Oracle: I'd ask you to sit down, but, you're not going to anyway. And don't worry about the vase.
Neo: What vase?
Neo turns to look for a vase, and as he does, he knocks over a vase of flowers, which shatters on the floor.
Oracle: That vase.
Neo: I'm sorry...
Oracle: I said don't worry about it. I'll get one of my kids to fix it.
Neo: How did you know?
Oracle: Ohh, what's really going to bake your noodle later on is,
would you still have broken it if I hadn't said anything?
-The Matrix (1999)
So what provoked Jesus into saying that blasphemy of the Holy Spirit is the only unpardonable sin? To understand, it may help to juxtapose his comment within ancient Biblical history where the scribes and priests had really been looking for a way to kill Jesus. Not only has Jesus healed on the Sabbath, he had told the parable of the wicked tenants, a story directly aimed at the Pharisees. It's a simple story. A landowner leases his vineyard to a band of tenant farmers and leaves. While he is gone, the tenants begin to act like they own the place. When the owner sends a servant to collect payment, the tenants send him back without the rent. When the servant comes back again, they beat him up and throw him out. At last, the landowner sends his son, believing that surely the tenants will pay attention to him. But, no — they drag him off of the land and kill him, thinking that will make the vineyard theirs for good. 1 2 This of course is all an insinuation aimed at honking off all of the community leaders on behalf of the Jewish people. The vineyard is Israel, the servant is God's people, and the tenants are the priests, the landowner, God; his son, Jesus and so on. The economics and politics of the era also played a large part in the perspective of what the audience was hearing in the story:
The parable...reflects ... economic realities of Roman Palestine (in) the parable of the Wicked Tenants... specifically the condition of widespread unemployment in Galilee. Large segments of the population had been dispossessed and reduced to destitution, as a result of Pompey's reorganization of Palestinian territory. At the same time Herod the Great's expropriation of large tracts of farmland, sold to wealthy landowners or distributed to the officials of his court, had intensified the process... consequently peasants and tenants...who depended on them, had only their labor to sell to anyone who wished to hire them.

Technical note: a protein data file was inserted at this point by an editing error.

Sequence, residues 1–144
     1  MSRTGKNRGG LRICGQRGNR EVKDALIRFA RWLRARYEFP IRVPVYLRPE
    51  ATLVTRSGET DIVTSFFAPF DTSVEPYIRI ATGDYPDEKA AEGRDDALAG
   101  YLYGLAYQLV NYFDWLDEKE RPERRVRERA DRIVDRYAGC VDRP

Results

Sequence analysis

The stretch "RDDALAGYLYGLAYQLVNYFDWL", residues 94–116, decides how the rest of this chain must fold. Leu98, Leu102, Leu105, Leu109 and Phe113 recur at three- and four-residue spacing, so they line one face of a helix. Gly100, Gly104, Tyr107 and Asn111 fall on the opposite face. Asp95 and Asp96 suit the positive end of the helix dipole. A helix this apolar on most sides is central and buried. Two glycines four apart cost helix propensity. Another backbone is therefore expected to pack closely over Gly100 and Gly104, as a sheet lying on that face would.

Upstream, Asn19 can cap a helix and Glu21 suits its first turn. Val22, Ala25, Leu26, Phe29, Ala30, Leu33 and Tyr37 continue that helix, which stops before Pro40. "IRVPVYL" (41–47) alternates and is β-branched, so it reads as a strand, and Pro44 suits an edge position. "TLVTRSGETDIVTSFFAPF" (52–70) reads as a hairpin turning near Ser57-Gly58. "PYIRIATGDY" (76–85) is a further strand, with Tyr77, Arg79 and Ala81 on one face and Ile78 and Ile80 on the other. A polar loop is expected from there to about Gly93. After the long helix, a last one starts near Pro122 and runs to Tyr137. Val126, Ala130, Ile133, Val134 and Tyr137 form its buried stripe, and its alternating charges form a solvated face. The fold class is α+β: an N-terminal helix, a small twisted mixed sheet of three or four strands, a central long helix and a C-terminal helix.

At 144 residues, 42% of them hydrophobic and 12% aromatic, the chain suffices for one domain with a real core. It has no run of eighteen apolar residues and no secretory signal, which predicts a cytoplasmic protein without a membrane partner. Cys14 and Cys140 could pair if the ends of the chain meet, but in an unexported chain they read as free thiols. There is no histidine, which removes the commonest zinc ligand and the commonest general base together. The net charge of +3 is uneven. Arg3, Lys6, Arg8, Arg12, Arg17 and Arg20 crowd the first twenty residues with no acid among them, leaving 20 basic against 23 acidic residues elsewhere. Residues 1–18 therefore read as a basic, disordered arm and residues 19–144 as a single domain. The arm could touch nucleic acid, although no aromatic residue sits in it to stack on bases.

So the Jewish people made their living as servants of the politicians and the parable was pointed at them as well. The gospel of Luke goes on to note, "The teachers of the law and the chief priests looked for a way to arrest him immediately, because they knew he had spoken this parable against them."
This became the enemy of my enemy is my friend scenario and motivated the Pharisees to conspire with the Herodians because Jesus has not only ostracized many leaders in the secular community-- he had stigmatized the Jewish leaders as falling short of the law. Add to the mix that, without fail Jesus has demonstrated compassion by supporting those who were considered the dregs of society and hence marginalized by the temple advocates. This event sets the stage for the Passion and quickly culminates in the crucifixion.
During Passover Jesus foretells of his betrayal then he and his inner circle adjourn to the Mount of Olives. Near midnight the betrayal comes and Jesus is led away by the chief priests, elders, and scribes. When Jesus is asked directly if he is the Messiah, he replies with an allusion to Daniel, "I saw one like a human being coming with the clouds of heaven. And he came to the Ancient One and was presented before him. To him was given dominion and glory and kingship that all peoples, nations, and languages should serve him. His dominion is an everlasting dominion that shall not pass away, and his kingship is one that shall never be destroyed." The high priests interpret this as blasphemy. According to the Oxford Companion, blasphemy is defined as, "Speech that is abusive to humans or derogatory to God. Blasphemy against humans occurs when people speak words harmful to one another." 3 4 The Old Testament law of Leviticus says that it is punishable by death.
When it comes to the unpardonable sin, the passages that has brought forth a great deal of debate is written about by both Matthew and Mark. Jesus tells his persecutors that to speak blasphemy against the Holy Spirit is the sin that cannot be forgiven. As he brings this to the attention of the priests, he points out that this sin is not committed inadvertently by Jesus' followers, but is attributed directly to the enemies of Jesus, who were claiming that his popularity among his followers was due to an evil spirit. The Pharisees, claiming divine prerogative, interpret the Levitical law that because Jesus is claiming to be the Messiah he deserves death. Jesus' retort is that by destroying what has been built up by the Holy Spirit in the persona of his followers, their actions risk an unpardonable sin because they are alienating Israel from God. In an effort to retain their authority the Pharisees take Jesus before Pontius Pilate and he is subsequently convicted and crucified. Two thousand years later people are still talking about it.
Memorable Quotes from The Matrix (1999)
The Oxford Companion to the Bible, 1993, p.92The Parable of the Wicked Tenants